Me: This is the closest to the truth. I pretended to be asleep. Then I seemed to be able to put the entire think out of my mind. But funny thing about repression, here I am four decades later, still thinking about it.

To bring the story up to date, our friendship continued throughout high school and college. We were never close, but then again I was not very close with anyone in those days. Both of us married beautiful women and fathered sons and daughters. Early in his career my friend moved out of state and we lost track of each other for a decade or so. Then we reconnected through annual Christmas cards, until one year my card was returned. I realize this echoes the plot in Brokeback Mountain, but that story and mine only have a few points in common.

To be continued.

Friday, September 3, 2010

On a Summer Night (part two)

So there we in our sleeping bags out under the stars in my back yard. I don’t remember our conversation ending, it’s just that there were longer and longer pauses between his comments and mine. As the pauses grew longer, I grew sleepier. But I know I wasn’t dreaming when my friend did something I didn’t understand then and still don’t fully understand now.

Just now I googled definitions for the word “tousle” and here’s what I got: “Tousle, to make something (especially a person’s hair) untidy. She reached up behind his head and gave his hair a tousle.”

That’s the word for it. My friend, my male friend, my 15-year-old active-in-the-LDS church male friend, had reached over and was tousling my hair. Maybe he thought I was asleep. Maybe he was just curious about what my hair felt like, but I know this: It wasn’t an accident.

It wasn’t just a single tousle that could be explained by a sleepy involuntary stretch that just happened to graze the top of my head. He tousled my hair deliberately and fairly slowly. It wasn’t just a few strokes for a few seconds. He went from my forehead to the back of my head several times.

I didn't realize it at the time, but as I've thought about it over the years, he was touching me in a very loving and affectionate way, or at the very least in a most curious, exploratory way. It was totally chaste in way, like petting a dog, but in another way it was also incredibly sexually charged because his fingers were in my hair, and he was a 15-year-old boy who was touching another 15-year-old boy as they slept out under the stars on a warm summer night. At least that's how I see it NOW as a married man and father.

But back then, as an inexperienced lad, I wondered what was going on, and I wondered what I should say or whether to say anything. What I decided to do may surprise you, or perhaps you’ve already guessed. To be continued.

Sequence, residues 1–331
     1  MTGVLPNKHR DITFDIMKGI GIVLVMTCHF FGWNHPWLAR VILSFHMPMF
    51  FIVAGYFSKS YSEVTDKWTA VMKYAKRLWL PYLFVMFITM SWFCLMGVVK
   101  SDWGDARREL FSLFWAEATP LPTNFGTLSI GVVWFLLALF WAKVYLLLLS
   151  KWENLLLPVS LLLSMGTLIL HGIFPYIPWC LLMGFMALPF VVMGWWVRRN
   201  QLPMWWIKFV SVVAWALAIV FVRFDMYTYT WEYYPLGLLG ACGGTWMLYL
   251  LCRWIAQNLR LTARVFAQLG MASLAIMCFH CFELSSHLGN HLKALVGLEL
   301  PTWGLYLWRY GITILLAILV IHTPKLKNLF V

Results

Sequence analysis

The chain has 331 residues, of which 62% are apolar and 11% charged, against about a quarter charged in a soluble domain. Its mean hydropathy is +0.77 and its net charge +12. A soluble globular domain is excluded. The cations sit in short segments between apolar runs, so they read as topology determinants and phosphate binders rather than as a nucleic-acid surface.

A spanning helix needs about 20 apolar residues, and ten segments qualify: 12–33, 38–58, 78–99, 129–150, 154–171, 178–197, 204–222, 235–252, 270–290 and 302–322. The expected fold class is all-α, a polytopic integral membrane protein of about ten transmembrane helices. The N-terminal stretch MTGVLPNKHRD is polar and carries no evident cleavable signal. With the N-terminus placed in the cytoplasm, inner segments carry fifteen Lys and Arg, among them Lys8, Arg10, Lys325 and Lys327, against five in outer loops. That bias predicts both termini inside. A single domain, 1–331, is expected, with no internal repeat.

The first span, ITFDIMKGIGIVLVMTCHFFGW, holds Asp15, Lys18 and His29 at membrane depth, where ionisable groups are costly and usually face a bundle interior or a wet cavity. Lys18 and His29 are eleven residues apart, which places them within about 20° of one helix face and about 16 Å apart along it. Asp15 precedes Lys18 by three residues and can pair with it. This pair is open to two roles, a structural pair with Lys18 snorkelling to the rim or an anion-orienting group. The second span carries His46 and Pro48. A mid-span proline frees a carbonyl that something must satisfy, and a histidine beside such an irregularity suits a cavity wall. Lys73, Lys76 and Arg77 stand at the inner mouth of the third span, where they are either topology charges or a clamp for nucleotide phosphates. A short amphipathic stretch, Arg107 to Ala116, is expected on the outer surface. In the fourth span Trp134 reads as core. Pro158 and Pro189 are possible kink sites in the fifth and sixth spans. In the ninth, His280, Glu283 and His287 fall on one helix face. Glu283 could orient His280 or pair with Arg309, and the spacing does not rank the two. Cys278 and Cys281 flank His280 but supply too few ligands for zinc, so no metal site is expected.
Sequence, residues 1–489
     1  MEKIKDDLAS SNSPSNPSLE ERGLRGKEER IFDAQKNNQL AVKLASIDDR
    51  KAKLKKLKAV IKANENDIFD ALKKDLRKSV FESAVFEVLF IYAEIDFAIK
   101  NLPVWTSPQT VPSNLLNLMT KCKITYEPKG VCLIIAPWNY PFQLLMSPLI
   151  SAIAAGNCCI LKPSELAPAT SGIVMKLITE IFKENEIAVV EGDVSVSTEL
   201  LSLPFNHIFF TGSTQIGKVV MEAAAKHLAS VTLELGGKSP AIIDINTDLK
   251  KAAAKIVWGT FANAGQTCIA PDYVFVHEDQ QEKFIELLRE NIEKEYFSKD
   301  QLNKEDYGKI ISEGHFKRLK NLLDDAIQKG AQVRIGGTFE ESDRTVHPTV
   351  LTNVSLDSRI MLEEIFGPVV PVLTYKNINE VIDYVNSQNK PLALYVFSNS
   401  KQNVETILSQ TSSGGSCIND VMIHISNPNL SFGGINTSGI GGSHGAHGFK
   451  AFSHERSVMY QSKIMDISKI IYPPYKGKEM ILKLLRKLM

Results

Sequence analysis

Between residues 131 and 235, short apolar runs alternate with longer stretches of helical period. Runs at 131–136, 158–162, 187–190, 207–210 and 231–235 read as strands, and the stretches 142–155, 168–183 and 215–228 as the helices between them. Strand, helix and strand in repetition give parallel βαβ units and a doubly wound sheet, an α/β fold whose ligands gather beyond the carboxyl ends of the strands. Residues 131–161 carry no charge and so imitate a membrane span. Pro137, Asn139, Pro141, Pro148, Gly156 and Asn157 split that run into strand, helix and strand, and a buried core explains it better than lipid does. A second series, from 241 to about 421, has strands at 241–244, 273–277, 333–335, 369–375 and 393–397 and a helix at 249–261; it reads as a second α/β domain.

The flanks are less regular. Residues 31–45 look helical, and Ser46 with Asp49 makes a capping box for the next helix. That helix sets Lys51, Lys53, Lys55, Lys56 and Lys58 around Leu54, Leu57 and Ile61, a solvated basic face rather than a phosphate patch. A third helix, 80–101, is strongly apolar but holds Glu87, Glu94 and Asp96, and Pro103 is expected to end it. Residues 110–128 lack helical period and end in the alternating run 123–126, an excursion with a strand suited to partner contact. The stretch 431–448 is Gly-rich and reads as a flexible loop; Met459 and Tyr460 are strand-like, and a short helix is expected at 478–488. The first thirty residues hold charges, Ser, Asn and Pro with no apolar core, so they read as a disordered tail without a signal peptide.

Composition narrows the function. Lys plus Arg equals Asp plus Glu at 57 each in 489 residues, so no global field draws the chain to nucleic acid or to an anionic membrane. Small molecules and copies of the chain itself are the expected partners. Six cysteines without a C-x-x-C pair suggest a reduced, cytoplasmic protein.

Wednesday, September 1, 2010

On a Summer Night

I've been thinking about some of my teenage experiences, especially one warm night when my good friend and I were sleeping under the stars in my back yard. I know we weren't sixteen yet because neither of us had our license to drive. We'd lived in the same neighborhood for years, but we'd really only gotten to know each other in the last year. Like me, his dad wasn't around. My mom was on her second marriage and his mom was divorced. 

So our moms weren't with our dads and we lived the same street and went to the same ward and the same school, but other than that we didn't have too much in common. I wore glasses over my brown eyes. His blue/hazel eyes needed no correction. I was good at non-technical stuff like English and history. He slaughtered the English language but was great with math. He was into sports. I wasn't. Yet somehow we had become friends. 

Actually I shouldn't say somehow. I know exactly how it happened. We were walking home from school one day and when we got to his house, he tackled me on his lawn. No warning. He didn't challenge me to a fight. We weren't talking about anything in particular, but suddenly he was on top of me and I was fighting to get free. Eventually the fight stopped. I picked up my books and walked home. After that we were pretty good friends.

Well back to that summer night on the back lawn. We'd had a long talk about religion--I wasn't active in the church and he was--and then things grew quiet and I started to fall asleep. Then my friend did something that I will always remember. To be continued.